Being audited is an unpleasant experience; however, resolving a tax issue in the tax audit stage is one of the most timely and cost effective outcomes for the CRA. This protocol, or official procedure, has been introduced to clarify the relationship between CRA audit and CRA appeals and for referring relevant audit information provided at the objection stage back to CRA auditors for consideration in some circumstances.
The tax audit process and the notice of objection appeal are two distinct tax streams. Typically, a taxpayer will be audited and then assessed or reassessed. Once an assessment or reassessment has been issued, a taxpayer has 90 days to prepare and file a Notice of Objection. For more information please see our article on the tax objection process.
Once a valid tax objection has been received by the CRA, they are duty bound by subsection 165(3) of the Income Tax Act (the “Act”) to reconsider the assessment and either vacate, confirm, or vary the tax assessment or reassess.
If, during the notice of objection process, new or additional information is provided to the Appeals Officer by the tax objector or the objector’s Canadian tax lawyer, the CRA protocol will determine if the Appeals Officer must refer the new information back to Audit for consideration. Of particular importance is that the protocol in CRA publication RC4607 outlines the criteria for “Mandatory referrals”.
The Appeals Officer must refer the information back to the Audit Division if the information produced or provided during the objection process was explicitly requested at the audit stage and not provided. Only GST/HST Refund Integrity Program matters are exempt from this treatment. This program examines GST/HST credit returns, rebate claims, and select debit returns to ensure that unwarranted refunds are not issued.
Discretionary referrals apply to any new information produced or provided during the notice of objection process that was not specifically requested by tax auditors during the tax audit stage. In these cases, the Appeals Officer is not mandated to pass the information back to the Audit Division, but it is possible that the Appeals Officer will use their discretion to make the transfer back.
In light of this new protocol, both the Appeals Officer and the tax auditor have new roles and responsibilities to fulfill. In particular, the Appeals Officer is responsible for contacting the tax objector or their Toronto tax lawyer and advising them of any discussions held with the auditor, of any referrals made, and will provide copies of the records of the discussions held between the tax auditor and the Appeals Officer.
Also important is that that Appeals Officer has the final say in the objection matter. When a referral is made, it does not reset the audit. In fact, the Audit Division is explicitly barred from making adjustments to an assessment after information has been referred to them by Appeals. Once the referral is made, the new information is sent to the Audit Division for consideration and a recommendation is produced for the Appeals Officer. Next, the Appeals Officer will consider the recommendations of the Audit Division in order to make a decision on the tax assessment under objection.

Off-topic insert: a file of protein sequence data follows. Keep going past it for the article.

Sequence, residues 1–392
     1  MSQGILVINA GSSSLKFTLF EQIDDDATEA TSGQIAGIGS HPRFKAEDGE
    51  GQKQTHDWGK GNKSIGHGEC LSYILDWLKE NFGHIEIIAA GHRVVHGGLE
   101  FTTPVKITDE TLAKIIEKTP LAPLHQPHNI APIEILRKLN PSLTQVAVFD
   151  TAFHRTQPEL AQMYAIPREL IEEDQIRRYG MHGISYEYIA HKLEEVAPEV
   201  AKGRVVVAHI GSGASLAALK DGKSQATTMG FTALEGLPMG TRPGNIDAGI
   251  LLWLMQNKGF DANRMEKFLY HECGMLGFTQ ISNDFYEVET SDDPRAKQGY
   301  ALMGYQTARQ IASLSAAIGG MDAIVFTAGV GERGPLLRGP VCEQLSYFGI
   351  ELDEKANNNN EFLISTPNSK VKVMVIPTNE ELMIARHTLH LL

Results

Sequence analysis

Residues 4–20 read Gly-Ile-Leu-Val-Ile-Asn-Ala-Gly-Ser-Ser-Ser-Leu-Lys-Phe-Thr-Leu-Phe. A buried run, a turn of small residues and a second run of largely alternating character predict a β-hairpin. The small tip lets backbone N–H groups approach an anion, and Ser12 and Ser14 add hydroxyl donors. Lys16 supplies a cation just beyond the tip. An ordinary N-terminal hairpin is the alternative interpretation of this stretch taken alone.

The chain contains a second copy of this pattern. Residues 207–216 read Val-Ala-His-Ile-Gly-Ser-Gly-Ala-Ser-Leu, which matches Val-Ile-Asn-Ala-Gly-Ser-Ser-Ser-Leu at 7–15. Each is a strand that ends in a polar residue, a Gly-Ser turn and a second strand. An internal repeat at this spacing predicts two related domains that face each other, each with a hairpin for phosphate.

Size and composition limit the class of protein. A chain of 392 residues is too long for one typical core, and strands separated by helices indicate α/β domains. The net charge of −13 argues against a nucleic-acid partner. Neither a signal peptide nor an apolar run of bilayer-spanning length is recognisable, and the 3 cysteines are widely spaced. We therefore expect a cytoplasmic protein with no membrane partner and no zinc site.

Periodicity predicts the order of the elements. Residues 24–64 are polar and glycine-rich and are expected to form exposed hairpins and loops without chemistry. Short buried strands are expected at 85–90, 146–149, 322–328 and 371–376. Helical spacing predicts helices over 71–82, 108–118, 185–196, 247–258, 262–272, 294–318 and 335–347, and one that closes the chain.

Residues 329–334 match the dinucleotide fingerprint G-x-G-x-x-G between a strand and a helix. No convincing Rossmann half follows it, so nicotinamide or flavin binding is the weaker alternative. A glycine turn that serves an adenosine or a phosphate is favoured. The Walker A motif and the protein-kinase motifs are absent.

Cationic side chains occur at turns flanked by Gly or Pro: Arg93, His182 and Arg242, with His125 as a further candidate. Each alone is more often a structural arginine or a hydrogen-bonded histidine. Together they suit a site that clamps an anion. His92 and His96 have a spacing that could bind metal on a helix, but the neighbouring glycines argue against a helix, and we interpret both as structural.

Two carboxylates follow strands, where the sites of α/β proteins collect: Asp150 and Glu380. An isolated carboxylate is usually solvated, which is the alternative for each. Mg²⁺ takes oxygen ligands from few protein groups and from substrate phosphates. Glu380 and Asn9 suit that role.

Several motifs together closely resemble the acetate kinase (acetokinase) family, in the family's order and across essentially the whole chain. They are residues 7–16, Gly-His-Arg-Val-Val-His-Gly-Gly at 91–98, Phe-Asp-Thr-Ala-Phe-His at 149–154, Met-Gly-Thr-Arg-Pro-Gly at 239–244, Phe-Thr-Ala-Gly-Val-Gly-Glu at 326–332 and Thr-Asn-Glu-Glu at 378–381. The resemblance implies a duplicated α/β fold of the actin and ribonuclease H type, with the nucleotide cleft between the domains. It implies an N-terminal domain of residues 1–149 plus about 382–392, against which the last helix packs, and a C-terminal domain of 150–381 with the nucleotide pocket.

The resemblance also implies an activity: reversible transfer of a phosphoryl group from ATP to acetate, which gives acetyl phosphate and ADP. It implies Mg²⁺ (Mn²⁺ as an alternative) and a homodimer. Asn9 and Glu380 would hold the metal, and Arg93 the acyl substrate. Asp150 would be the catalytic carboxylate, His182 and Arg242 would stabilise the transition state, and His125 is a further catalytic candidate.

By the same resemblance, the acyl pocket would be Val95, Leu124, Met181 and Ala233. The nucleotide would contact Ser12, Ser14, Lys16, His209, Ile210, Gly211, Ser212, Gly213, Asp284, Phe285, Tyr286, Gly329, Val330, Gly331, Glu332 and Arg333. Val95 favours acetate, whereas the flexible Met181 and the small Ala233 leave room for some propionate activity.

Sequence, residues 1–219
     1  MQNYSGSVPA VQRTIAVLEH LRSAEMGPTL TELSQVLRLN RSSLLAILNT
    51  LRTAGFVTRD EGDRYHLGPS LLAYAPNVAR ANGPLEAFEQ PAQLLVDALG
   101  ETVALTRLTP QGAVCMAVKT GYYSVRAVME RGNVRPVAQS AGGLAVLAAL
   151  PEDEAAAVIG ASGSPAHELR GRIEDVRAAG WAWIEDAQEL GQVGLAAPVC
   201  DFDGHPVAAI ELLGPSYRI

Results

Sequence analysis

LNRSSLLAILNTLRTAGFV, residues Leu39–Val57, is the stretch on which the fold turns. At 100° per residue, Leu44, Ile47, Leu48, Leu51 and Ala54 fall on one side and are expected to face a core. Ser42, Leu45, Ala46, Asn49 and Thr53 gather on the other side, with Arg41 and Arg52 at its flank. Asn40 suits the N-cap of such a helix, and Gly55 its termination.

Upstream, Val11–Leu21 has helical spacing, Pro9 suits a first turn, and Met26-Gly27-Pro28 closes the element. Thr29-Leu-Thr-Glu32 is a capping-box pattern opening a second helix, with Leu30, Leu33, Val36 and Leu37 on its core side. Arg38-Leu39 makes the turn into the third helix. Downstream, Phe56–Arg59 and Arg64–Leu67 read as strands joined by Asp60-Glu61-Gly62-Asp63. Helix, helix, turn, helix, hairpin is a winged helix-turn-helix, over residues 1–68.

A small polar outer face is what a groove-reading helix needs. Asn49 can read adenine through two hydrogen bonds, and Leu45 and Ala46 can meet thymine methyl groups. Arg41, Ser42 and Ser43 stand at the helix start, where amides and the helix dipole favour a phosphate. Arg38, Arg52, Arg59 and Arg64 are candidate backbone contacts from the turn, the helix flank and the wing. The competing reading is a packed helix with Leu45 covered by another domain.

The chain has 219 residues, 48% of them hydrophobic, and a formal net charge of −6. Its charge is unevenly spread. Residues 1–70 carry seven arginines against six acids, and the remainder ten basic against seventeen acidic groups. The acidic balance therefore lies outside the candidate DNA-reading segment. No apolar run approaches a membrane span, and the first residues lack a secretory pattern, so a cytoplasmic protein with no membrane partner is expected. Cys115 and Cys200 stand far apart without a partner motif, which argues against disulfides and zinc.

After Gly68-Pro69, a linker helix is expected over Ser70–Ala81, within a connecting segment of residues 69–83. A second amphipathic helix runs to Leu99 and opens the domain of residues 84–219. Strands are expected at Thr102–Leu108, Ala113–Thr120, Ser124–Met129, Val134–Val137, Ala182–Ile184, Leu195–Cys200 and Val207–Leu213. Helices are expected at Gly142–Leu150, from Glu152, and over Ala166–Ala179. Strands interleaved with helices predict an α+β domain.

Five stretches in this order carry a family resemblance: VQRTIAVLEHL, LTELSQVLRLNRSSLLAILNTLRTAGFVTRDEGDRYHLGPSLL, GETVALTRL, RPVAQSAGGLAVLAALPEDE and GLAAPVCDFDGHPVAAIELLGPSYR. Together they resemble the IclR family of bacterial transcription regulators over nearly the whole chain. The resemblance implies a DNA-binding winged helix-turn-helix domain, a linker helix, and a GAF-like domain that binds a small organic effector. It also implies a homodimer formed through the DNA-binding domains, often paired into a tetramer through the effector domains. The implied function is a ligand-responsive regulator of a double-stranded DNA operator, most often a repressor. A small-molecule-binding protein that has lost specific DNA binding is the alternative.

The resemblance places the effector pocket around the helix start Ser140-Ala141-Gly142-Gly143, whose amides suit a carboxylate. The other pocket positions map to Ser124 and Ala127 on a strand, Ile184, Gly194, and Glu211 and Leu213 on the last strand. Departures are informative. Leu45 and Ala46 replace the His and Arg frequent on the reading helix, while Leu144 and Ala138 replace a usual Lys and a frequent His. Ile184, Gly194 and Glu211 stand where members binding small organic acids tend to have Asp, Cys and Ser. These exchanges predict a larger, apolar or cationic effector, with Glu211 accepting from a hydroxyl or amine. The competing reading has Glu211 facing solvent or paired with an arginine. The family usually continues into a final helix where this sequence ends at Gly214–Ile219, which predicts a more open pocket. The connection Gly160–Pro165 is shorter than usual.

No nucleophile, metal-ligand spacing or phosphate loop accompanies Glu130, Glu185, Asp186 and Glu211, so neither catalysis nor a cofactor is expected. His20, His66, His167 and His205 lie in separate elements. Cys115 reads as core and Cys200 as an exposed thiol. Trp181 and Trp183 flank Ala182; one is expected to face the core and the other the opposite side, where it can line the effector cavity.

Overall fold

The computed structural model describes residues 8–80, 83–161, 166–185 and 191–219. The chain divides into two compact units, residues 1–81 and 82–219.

To summarize briefly, any information that was requested at the tax audit phase, but is later produced at the objection phase will be referred back the Audit Division by the Appeals Officer. This is an instance where a mandatory referral is required. If new information is uncovered during the objection stage that wasn’t requested during the tax audit, the Appeals Officer has the discretion to refer the matter back to the Audit Division. A tax objector will be made aware of any communication between the Appeals Officer and the Audit Division. After a referral is made by the Appeals Officer, the Audit Division will assign an auditor. The Audit Division will make a recommendation to the Appeals Officer and the Appeals Officer will make a decision on the assessment or reassessment under objection.
As for time, the protocol stipulates that the Audit Division has 30 days to assign a tax auditor once a referral from Appeals is made. While Appeals referral work will be assigned on a priority basis, the only criterion regarding the timeline for completion of the review is that is must be “reasonable”. Further, the Appeals Division is only expected to follow up with the auditor once a month. During this referral process, interest will continue to accrue, compounded on a daily basis, on any amounts under objection.
Lastly, this protocol will be reviewed on an annual basis. It is entirely possible that we see an expansion in scope in future years but for now, only the following Compliance Program areas are affected:
- Small and Medium Enterprises Directorate (SMED)
- International and Large Business Directorate (ILBD)
- GST/HST Directorate (GST/HST)
- Offshore Compliance Division
- Scientific Research and Experimental Development Directorate (SRED).
Our office is very familiar with both the tax audit and tax appeals processes. Contact one of our top Canadian tax lawyers if your have been selected for tax audit, audited, or need to object to an income tax assessment. Having a consultation with our Toronto tax law firm in the early stages of a tax audit may save you time and money down the road as responding correctly to an auditor will decrease the likelihood that you will be caught up in these referrals.